"The appeal involves the validity of the act of the Land Commissioner under Chapter 71 Acts of Regular Session of the 39th Legislature, in postponing from January 2, 1929, to January 22, 1929, the sale of oil and gas leases on certain University lands, designated 'Schedule A Land'; the sufficiency of the demand for 'Schedule A Land' to render it subject to lease; and the constitutionality of the Act of the 41st Legislature (repealing Chapter 71 of the Regular Session of the 39th Legislature), known as Senate Bill No. 7, approved and effective January 11, 1929, as applied both to 'Schedule A Land' and also to 'Schedule B Land', the latter being the land set for sale January 2, 1929, the sale of which was not postponed by the Land Commissioner.
"The cause is brought to this court upon an agreed statement of the pleadings, evidence, contentions of the parties, and questions involved, as provided in Revised Statutes, Art. 2280, a practice which we think should receive commendation and encouragement from the appellate courts.
"The evidence which we think pertinent to a proper answer to the questions certified follows:
" 'During the summer and fall of 1928 and up to November 10, 1928, the Land Commissioner had many requests made of him by many persons that oil and gas leases of all University lands generally, be placed on sale under Chapter 71 of the Acts of 1925 (R. S., Art. 5343), which requests were determined by him to render such land "in demand" as provided in said act, and the Land Commissioner, in good faith believed it to be his mandatory duty to place such oil and gas leases on sale."
"About November 1, 1928, interveners Gibson, Johnson and Renaud filed an application with the Land Commissioner, asking that oil and gas leases on 'Schedule B Land' be placed on sale, the tracts of land being specifically designated therein. This demand was thereafter renewed by letter of November 17, 1928, again during the months of November and December, up to December 15, 1928. The Land Commissioner, in good faith, determined that such demand by said interveners rendered the land so designated to be "in demand," and that it was his mandatory duty to place oil and gas leases thereon on sale.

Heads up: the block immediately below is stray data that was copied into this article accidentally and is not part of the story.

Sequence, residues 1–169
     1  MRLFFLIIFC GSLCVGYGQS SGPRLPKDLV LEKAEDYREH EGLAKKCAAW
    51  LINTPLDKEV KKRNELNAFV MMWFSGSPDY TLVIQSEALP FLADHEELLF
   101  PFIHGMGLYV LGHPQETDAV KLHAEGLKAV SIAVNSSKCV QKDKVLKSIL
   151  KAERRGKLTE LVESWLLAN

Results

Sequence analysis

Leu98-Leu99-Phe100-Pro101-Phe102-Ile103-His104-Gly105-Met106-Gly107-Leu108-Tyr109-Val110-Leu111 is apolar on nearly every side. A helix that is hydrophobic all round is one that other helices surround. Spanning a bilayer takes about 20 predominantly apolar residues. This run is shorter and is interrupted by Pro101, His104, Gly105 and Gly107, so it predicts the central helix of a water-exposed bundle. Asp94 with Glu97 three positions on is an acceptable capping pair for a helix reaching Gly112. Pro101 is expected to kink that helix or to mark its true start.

"On November 10, 1929, the Land Commissioner, acting under the provisions of Sec. 3 of said Act, prepared and delivered to the Board of Control for printing lists of all University lands, including both 'Schedule A Land' and 'Schedule B Land,' which contained a brief description of the tracts to be subject to lease, the terms upon which they would be leased, the time when applications would be filed and opened in the Land Office, and such rules and regulations adopted by the Land Commissioner as he deemed necessary in the premises. The lists were printed and returned to the Land Office not later than December 7, 1928. A large number of the lists were at once displayed and so kept continuously in a public place in the Land Office for free distribution; copies for distribution were mailed to every person, firm, or corporation upon the mailing list of the Land Office, which contained several hundred names, including those believed by the Commissioner to be interested in the purchase of oil and gas leases; and copies were also mailed to County Clerks, County Judges and banks, and were mailed and/or delivered to every person making request. The Land Commissioner did not have sufficient means for giving the necessary publicity of the sales other than through these printed lists, but publicity was also given as news items in newspapers of general circulation that University lands generally were being placed on sale.
"The date fixed in these lists for the sale of lands, both in Schedule A and Schedule B, was January 2, 1929, at 10 o'clock a. m. The remaining lands in the lists were advertised for sale at 10 o'clock a. m. on days ranging from January 16, 1929, to January 31, 1929.
"On December 28, 1928, interveners Gibson, Johnson and Renaud, who had theretofore incurred substantial expense with a view to bidding thereon, delivered to the Land Commissioner at his office separate bids covering each tract included in 'Schedule B Land,' except fractional sections 1, 2, and 3 in Block 16, Ward County. These bids were kept by the Commissioner in his office and were on file at 10 o'clock a. m. on January 2, 1929. They complied in every respect with the provisions of Chapter 71, Acts of 1925, and the rules and regulations of the Land Commissioner, and were accompanied by certified checks in amount more than the minimum prescribed by law, including the required fees, the amounts deposited by Gibson and Johnson aggregating $746,391.00; and those deposited by Renaud aggregating $102,189.00. At 10 o'clock a. m., January 2, 1929, interveners Brown and Campbell had on file in the General Land Office separate bids covering all tracts in both 'Schedule A Land' and 'Schedule B Land.' These bids also complied in every respect as to deposit and otherwise with Chapter 71, Acts of 1925, and with the rules and regulations made by the Commissioner. Prior to 10 o'clock a. m., January 2, 1929, a great many other persons, firms and corporations delivered into the Land Office and left for filing with the Land Commissioner sealed bids covering all lands included in 'Schedule A Land' and 'Schedule B Land,' which bids were on file at 10 o'clock a. m., January 2, 1929.